The Descent is an odd duck of a film. On the one hand, it is very effective, jumping me out of my seat a couple of times and generally making me anxious. It has a profound sense of atmosphere and has a couple of moments that will stick with me.
On the other hand, it's not particularly original. It cribs from a few different movies, and rarely comes up with an original shot or concept. It's sense of dread and foreboding is abandoned about halfway into the film, and it's also guilty of the greatest of horror movie sins - musical stings.
The story is deliberately thin and rather ambiguous, and I really don't want to ruin much of it for any first time viewers. Suffice to say, there is a cave, and some women go into it. This constitutes much of the beginning of the film, and it's generally fantastic. The cinematography and lighting is uniformly excellent, and creates a sense of claustrophobia I don't think I've felt in a movie before. I've also rarely been as uneasy as when one woman takes a tumble and gets injured in a particularly brutal way, requiring the others to administer impromptu medical treatment. Combine that with a later injury involving a rope, and I've not winced at a movie this much since I watched Zodiac
, another powerfully vicious and uncompromising movie.
The issues I have with The Descent stem mostly from the second half, in which the sense of foreboding and dread is abandoned in favor of blood, guts, and jump scares. Now, admittedly, there are a couple jump scares at the beginning of the film, but I can accept that. You have to start the movie a certain way, get the audience on their toes. Fine. And I'll give you a mulligan on one more jump scare, just for shits and giggles. But another? And another? And another?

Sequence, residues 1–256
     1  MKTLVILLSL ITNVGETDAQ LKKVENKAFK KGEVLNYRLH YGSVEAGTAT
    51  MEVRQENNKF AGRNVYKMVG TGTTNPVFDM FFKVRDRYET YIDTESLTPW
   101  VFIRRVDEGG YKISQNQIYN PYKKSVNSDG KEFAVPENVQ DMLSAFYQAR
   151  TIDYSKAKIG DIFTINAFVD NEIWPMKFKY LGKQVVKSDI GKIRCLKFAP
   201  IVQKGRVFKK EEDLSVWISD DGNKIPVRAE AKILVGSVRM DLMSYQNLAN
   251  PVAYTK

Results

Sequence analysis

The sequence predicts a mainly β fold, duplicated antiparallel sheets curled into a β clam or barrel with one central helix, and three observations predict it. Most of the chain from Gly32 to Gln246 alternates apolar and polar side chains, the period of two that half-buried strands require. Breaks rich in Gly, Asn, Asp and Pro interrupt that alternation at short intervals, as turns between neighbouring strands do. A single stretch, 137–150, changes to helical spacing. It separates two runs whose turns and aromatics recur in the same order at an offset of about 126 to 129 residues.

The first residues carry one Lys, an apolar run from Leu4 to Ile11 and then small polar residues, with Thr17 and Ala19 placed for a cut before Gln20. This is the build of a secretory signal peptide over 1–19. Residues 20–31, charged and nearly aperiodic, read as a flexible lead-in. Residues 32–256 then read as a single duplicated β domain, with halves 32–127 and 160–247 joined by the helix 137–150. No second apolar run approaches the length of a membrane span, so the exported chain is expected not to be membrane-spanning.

The last one wasn't even that scary. It was incredibly predictable and followed standard horror movie cliche to the letter.
Not only that, but after the first few, the jump scares are accompanied by my biggest pet peeve - musical stings. I fucking hate
musical stings in horror movies, whether they're triggered at the moment of the jump or are tinkly piano or tinny strings leading up to a character looking around a corner. It's lazy, it's boring, and worst of all, it ruins the scare.
You can see them coming a mile away when you do this, filmmakers! How have you not realized this by now?!
But the rest of the film is mercifully competent. The performances are generally well-done, and there's a reveal around the halfway mark that is well-executed, even if it is
followed by a musical sting. And the ending? Startlingly powerful and ambiguous for a horror film, and it makes you look at the rest of the movie in a whole new light. Still, there's a lot of things that could have been done differently, and more effectively. Playing on our more primal fears, of small spaces and wide open spaces, of being trapped or buried alive, and most of all our fear of the dark, these are all fine ideas. But once we know what's in the dark, once we can put a face and a name and an idea to the thing in the dark, it becomes far less scary. Maybe this would have ruined some of the symbolism of the film, of which there is more than one might think. But it would have helped the movie as a whole.
There's a few subtle references to other horror classics in The Descent, which I appreciated. Numerous shots of climbing equipment being holstered brings back memories of Sam Raimi
films. Music extremely reminiscent of Ennio Morricone
's score for John Carpenter's The Thing
kicks in a couple of times, which made me quite happy. But while The Descent does it's best often enough to be good, it fails to reach the level of Carpenter's opus: the classics that do things differently than their peers and predecessors and deviate from established formula.
If there's one thing to take away from this review, though, it's this: The Descent tries.
That's more than can be said for most.